I am sure you know how tough it can be to concentrate on that assignment or chapter when it really matters, but can’t! This is especially true for those units that we do not love but cannot skip. In most of the Australian Universities, you can’t go to class without preparation, which means you have to do the readings, answer the homework questions and any other work that will contribute to participation marks. If you are not used to such study structures, it can be distressing, and procrastination could put you behind for the semester and lead to last-minute cramming.
I want to help you to make studying interesting, effortless and effective. The methods below helped me to concentrate and avoid procrastination, and I have seen the same had worked for others too.
Here we go…
How to get started?
1. What time of day works for you?
Before you dive in to any method, you need to figure out what are the times that work for you. I am an early bird, so I feel the most productive hours of the day for me are 7 am to 10 am. Whereas some are night owls, who works better during late nights. Once you know this, you can dedicate those hours for difficult units.
Are there any other specific things you require while you study? Study buddy? Jazz music in the background? Snacks? Stress ball? If so, great! Use it to your advantage.
2. Pick the right environment
We are very much affected by the environment and its energy. You need to pick an environment that make you comfortable and productive. For instance, natural lighting in a clean and clutter-free room is just right for me. International Students don’t have the luxury of their own space as most live in shared accommodation. Try to create or rearrange to make it suitable environment for you to study. Alternatively, you can opt for other options like the University library, public libraries or outdoor spaces like parks, University lawn – whatever you prefer.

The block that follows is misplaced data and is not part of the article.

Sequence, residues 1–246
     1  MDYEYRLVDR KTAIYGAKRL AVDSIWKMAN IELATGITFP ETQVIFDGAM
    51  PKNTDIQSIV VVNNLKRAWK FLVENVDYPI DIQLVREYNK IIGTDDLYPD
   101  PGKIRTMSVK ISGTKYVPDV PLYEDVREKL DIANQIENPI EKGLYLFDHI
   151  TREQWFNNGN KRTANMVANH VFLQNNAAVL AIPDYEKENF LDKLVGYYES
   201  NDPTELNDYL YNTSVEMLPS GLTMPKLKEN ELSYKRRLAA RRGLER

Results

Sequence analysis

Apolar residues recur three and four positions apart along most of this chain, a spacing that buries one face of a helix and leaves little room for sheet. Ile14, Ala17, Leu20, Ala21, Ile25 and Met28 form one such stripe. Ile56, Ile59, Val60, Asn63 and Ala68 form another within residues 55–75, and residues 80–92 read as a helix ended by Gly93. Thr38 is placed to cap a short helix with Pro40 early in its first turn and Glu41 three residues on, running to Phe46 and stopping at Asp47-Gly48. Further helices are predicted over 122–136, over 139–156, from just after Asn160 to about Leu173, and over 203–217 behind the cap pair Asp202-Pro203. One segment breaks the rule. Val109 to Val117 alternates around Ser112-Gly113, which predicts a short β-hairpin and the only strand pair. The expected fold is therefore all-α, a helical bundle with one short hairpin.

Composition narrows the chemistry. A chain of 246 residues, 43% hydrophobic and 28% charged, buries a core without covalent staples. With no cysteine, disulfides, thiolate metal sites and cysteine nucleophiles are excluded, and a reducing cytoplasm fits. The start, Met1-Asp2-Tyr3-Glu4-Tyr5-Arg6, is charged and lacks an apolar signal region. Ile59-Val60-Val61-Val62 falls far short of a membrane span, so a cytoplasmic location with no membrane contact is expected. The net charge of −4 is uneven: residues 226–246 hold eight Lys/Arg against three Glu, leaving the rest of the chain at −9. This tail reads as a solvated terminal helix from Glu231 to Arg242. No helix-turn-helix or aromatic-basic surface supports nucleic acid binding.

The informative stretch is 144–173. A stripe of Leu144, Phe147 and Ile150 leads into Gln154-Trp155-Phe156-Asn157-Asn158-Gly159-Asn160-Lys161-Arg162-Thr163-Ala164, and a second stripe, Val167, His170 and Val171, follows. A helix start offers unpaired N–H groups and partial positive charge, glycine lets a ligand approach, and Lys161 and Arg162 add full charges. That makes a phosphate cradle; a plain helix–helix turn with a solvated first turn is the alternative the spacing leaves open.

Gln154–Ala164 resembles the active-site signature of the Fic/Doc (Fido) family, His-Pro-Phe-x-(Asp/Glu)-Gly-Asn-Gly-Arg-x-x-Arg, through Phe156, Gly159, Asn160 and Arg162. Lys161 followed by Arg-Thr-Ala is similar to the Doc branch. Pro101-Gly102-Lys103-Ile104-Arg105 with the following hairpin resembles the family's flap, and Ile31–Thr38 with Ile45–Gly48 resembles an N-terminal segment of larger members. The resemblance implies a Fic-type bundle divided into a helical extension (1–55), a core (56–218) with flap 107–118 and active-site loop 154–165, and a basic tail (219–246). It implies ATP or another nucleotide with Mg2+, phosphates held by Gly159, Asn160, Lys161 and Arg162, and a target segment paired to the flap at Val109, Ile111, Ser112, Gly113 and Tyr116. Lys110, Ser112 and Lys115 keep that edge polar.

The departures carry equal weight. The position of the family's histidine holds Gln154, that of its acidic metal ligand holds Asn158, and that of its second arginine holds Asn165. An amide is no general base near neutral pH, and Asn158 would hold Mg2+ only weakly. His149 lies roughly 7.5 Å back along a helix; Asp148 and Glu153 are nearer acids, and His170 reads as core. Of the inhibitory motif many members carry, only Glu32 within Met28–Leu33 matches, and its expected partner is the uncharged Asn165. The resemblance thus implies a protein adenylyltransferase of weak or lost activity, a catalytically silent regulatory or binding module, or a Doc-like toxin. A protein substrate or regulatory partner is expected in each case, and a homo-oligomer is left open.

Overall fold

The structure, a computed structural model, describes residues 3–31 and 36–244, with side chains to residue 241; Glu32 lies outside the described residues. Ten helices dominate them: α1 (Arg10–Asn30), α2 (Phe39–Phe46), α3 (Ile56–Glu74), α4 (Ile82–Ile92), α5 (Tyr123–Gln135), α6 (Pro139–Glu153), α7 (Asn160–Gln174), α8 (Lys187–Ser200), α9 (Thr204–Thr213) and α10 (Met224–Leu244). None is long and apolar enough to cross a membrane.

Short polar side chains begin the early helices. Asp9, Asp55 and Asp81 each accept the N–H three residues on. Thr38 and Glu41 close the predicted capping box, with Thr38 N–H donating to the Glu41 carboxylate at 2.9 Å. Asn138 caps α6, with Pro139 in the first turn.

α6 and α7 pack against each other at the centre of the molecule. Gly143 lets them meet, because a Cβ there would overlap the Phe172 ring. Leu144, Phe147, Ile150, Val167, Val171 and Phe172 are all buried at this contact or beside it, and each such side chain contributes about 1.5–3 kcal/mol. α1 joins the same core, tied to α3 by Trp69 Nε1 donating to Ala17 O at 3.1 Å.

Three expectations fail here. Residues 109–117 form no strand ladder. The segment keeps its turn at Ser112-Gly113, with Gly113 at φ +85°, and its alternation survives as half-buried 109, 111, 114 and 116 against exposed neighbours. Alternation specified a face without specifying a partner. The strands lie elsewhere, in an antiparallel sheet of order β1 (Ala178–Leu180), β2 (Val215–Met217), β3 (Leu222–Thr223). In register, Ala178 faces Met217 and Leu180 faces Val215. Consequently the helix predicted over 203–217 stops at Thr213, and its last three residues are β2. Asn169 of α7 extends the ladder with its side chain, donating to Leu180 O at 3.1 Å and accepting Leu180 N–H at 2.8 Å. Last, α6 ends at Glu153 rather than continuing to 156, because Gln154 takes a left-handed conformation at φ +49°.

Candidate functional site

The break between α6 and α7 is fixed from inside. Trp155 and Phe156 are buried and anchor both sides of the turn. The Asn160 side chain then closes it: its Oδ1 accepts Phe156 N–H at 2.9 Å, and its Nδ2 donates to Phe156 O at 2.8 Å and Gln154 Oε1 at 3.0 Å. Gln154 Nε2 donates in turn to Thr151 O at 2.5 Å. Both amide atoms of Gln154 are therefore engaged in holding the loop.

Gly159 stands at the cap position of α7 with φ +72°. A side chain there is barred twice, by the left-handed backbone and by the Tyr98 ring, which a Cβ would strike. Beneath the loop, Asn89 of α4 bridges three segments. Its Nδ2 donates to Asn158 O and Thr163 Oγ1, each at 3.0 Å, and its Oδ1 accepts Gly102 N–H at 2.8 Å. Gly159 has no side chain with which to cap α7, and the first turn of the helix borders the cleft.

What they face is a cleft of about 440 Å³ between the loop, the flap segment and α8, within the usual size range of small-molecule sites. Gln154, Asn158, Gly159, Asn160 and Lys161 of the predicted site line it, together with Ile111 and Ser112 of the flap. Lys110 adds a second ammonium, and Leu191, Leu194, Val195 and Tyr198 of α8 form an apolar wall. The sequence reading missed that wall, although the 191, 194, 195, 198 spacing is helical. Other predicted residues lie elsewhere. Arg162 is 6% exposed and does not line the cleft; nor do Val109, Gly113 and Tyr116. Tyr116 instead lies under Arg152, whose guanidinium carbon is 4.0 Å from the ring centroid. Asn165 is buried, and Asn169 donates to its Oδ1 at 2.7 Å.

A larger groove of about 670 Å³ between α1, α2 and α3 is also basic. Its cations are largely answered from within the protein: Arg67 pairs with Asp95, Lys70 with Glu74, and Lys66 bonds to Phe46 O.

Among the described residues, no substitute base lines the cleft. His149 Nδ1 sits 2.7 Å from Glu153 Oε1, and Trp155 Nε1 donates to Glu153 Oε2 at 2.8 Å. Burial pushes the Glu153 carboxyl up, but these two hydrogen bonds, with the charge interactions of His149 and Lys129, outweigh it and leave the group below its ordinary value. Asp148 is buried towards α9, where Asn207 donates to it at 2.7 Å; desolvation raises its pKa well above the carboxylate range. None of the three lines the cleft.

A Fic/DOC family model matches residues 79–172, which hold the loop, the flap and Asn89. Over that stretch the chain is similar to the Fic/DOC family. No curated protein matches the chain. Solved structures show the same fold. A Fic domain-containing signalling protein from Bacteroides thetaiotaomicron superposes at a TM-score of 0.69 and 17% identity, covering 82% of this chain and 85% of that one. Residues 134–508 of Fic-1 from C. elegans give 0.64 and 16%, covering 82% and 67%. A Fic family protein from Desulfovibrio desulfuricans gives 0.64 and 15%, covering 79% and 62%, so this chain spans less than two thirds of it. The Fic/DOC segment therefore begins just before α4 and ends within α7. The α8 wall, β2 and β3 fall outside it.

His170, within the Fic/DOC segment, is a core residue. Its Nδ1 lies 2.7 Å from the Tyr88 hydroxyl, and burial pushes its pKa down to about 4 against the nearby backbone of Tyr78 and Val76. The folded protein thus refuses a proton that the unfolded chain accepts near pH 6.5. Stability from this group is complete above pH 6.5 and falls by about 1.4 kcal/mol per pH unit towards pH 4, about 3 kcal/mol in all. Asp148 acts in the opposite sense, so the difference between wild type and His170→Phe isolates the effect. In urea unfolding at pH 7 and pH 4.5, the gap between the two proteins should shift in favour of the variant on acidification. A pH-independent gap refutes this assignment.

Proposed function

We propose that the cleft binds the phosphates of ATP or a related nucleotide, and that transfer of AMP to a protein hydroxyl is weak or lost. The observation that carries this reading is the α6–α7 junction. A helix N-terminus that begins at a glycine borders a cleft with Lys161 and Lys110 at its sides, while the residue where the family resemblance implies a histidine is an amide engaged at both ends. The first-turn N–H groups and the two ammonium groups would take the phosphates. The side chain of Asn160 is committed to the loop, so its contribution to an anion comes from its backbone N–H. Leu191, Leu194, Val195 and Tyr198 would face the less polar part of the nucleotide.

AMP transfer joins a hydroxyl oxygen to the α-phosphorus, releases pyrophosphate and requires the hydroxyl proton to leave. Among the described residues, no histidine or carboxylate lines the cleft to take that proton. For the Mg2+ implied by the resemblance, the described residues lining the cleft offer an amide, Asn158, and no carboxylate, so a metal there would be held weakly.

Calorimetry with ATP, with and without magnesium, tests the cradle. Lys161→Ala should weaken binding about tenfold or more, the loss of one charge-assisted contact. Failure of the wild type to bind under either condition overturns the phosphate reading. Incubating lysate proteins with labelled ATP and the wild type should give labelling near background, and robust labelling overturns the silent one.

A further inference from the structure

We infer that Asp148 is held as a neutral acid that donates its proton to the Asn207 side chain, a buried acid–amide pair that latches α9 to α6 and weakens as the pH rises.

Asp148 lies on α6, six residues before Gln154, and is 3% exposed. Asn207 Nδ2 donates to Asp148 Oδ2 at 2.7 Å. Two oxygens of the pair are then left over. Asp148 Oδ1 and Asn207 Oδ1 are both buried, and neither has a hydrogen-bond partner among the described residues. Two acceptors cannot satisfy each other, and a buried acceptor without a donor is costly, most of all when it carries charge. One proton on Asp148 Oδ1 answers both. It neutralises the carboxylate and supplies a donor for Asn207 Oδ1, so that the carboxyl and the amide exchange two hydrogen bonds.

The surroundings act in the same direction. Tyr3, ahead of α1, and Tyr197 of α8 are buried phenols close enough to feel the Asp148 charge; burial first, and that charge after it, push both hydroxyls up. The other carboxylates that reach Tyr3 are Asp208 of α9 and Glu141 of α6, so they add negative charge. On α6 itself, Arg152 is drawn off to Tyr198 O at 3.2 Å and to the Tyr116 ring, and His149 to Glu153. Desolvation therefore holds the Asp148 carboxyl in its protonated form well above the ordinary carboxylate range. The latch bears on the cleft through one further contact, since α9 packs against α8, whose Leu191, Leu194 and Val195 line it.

3. Create a realistic and effective study schedule
Before the week commences create a realistic study schedule. Unless it is the week of the study break, you will have to incorporate other work like assignments, homework, readings etc. The point of creating a schedule is that a. you have assigned slots based on the necessity b. you are not wasting precious brain power to think what and when to study rather start studying right away. An ideal schedule will break down every hour to make most of the week. Time is precious.
I want to reiterate that you need to create a “realistic” schedule. Meaning you need to consider your priority for the week. International Students juggle four units and 20 hour work weeks, there is a chance your priorities may be jumbled. Ideally, study sessions must be broken in to 30 minutes with 5-10 minute breaks.
Consider the breaks to be your reward for studying effectively.
4. Remove distractions
Distractions could be anything that takes your focus away from the books. Most common distractions include people, pets, texting, scrolling on Facebook, notifications on your smart phone and Netflix. It is said that we need to separate our study area from our bedroom, whilst this is a great solution, it may not be so for International Students in shared accommodation. However, keep your smart phone or any other distractions away from arms reach. If it means old school method of writing with pen on paper, do it. This is why it is important to schedule in 5 to 10 minute breaks after every 30 minutes of effective studying – to allow you to utilise the time for entertainment.
Here is a simple thing that distracted me just last week. I unsubscribed from Netflix couple of months ago knowing that it was consuming lot of my time without adding value. Last week, I got an e-mail notification from Netflix that season five of Brooklyn Nine-Nine, one of my favourites, was now available on Netflix! I tried so hard resist, but I gave in and binge watched the entire season whilst feeling extremely guilty. Next month when I unsubscribe, I will definitely disable e-mail notifications.
How to study effectively?
In my opinion, effective studying means studying twice as much in half the time. There is no point spending 6 hours trying to gauge one chapter, rather spend an hour and have a deeper understanding of the same chapter.
Want to know few other effective study habits? Keep reading…
5. Don’t study hard, study smart
Everything in your textbook are not coming for the exam. So use the crystal ball method. You need to pick and choose the important areas and focus solely on those sections. It is your lecturer who makes the exam questions, so to study effectively in University listen in class to what areas are being emphasised, refer to questions, lecture notes and finally think like the lecturer.